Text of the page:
first_imgBy Dialogo July 17, 2009 SAN JOSE, 14 July 2009 (AFP) – The new president of Panama, Ricardo Martinelli, will visit Costa Rica on Wednesday to meet with President Oscar Arias and to learn about the experience of the public health services in trying to reduce patients’ wait times, the two governments announced on Tuesday. “Tomorrow, Wednesday 15 July, the president of the republic, Dr. Óscar Arias Sánchez, will host his Panamanian counterpart, President Ricardo Martinelli,” on his first foreign trip since taking office on 1 June, according to a statement issued by the Costa Rican president’s office. The meeting of the two leaders “will address an agenda of bilateral affairs,” the statement added. Martinelli will also dedicate his visit to getting to know “details of the Costa Rican experience with an automated appointment system” for users of the public health system, “which has achieved optimization of outpatient consultation and pharmacy services and elective surgery in that country,” the Panamanian government announced. The president will be accompanied by the Minister of Health, Franklin Vergara, and the Secretary of Innovation, Eduardo Jaén, according to the government statement. “This trip is the beginning of a series of consultations and visits that the administration team is planning with the aim of learning about the experiences of various models of care that have been successful in other countries,” the statement added. As president-elect before taking office, Martinelli visited Arias on 22 May, on which occasion they discussed forging closer ties in trade and tourism, among other areas. Both said then that they were in agreement on the expansion of the bilateral Free Trade Agreement, in effect since November 2008, to include products such as refined oil and insurance. The balance of trade between the two countries, which has increased notably in recent years, is favorable to Costa Rica, which sold 411 million dollars’ worth of its products and imported 242 million dollars’ worth of goods in 2008.last_img read more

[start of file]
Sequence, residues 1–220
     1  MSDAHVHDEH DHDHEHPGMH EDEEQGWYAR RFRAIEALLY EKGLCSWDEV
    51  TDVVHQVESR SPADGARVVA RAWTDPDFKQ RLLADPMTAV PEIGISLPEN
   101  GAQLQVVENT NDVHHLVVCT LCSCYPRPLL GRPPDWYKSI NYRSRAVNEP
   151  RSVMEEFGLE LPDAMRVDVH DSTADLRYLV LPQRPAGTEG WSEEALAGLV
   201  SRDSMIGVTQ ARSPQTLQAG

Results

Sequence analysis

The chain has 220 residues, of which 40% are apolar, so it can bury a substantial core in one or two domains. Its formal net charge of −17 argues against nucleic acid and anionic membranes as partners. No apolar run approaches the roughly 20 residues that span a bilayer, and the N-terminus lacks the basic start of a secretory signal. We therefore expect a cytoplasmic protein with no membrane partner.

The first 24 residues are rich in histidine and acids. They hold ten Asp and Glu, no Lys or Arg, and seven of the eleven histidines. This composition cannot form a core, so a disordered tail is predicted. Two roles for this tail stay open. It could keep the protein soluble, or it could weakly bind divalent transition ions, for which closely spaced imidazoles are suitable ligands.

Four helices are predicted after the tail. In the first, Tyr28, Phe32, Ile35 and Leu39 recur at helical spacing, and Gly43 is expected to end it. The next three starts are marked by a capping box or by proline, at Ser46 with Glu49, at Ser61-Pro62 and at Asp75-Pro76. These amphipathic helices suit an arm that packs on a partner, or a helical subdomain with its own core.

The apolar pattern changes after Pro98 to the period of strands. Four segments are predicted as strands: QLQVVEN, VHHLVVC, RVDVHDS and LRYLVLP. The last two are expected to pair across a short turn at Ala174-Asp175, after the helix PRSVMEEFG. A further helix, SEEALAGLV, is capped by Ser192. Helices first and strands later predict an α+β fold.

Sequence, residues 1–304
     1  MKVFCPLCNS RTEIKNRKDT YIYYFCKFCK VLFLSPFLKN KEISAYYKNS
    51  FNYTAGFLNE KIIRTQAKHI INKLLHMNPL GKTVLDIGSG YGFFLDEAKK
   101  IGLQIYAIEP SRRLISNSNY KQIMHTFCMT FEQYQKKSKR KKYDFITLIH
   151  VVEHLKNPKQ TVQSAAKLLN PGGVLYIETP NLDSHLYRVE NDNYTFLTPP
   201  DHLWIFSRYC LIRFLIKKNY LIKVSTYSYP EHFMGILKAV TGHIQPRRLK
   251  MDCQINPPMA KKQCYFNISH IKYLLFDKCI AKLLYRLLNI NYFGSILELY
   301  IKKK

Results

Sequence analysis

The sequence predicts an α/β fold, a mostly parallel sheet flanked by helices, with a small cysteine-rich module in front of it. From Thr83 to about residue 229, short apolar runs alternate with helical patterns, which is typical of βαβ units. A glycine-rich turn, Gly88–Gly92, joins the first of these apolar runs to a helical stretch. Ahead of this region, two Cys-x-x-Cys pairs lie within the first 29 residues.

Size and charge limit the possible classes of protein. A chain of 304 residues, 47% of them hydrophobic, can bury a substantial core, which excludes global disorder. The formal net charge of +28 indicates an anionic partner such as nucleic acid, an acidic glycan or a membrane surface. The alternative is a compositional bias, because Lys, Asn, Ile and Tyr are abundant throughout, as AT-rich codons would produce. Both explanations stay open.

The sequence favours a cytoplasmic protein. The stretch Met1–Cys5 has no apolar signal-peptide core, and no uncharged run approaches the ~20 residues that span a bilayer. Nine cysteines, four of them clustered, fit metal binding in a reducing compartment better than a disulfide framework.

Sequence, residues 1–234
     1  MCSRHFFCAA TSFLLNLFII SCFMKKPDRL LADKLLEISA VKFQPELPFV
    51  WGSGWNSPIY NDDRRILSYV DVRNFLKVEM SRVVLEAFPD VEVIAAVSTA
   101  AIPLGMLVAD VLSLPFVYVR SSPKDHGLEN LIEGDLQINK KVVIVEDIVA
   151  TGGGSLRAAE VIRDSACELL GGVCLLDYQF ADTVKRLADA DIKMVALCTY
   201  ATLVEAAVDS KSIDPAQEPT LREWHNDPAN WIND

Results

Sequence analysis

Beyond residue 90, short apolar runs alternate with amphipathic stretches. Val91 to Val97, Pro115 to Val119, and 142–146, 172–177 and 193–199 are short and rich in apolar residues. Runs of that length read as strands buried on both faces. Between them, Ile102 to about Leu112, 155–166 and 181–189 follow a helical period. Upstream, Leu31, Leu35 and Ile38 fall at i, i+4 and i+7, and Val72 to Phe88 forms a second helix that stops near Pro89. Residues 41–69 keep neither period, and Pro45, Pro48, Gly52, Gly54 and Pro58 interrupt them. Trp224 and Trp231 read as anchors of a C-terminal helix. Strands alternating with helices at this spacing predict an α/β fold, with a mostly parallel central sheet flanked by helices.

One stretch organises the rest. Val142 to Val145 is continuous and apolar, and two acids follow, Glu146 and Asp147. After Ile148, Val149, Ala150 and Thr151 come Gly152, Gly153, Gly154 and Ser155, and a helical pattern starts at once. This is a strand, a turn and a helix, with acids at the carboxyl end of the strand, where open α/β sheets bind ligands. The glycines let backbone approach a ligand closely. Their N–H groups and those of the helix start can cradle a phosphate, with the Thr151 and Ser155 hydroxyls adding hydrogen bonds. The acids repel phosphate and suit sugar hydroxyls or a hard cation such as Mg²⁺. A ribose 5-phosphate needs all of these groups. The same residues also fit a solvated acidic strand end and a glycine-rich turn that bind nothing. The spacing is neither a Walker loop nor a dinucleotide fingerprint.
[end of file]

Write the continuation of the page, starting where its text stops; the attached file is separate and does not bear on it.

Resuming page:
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Bolivia Is Sitting On a ‘Gold Mine’

first_imgBy Dialogo January 01, 2010 Very cool, really interesting *_* A worker operates a drill at the state-run Lithium pilot plant in Río Grande, Bolivia, where the largest salt flats in the world are found. Underneath the salt flats are the world’s largest reserves of lithium — a key mineral used in medicine and especially in rechargeable batteries used in items such as cell phones, laptops and electric cars. Bolivia has half the world’s known reserves of lithium, and officials estimate the reserves hold 100 million tons of lithium, reported news agency AFP. With demand for lithium expected to boom in coming years, Bolivia — one of the poorest countries in South America — may be sitting on something potentially more valuable than a gold mine.last_img read more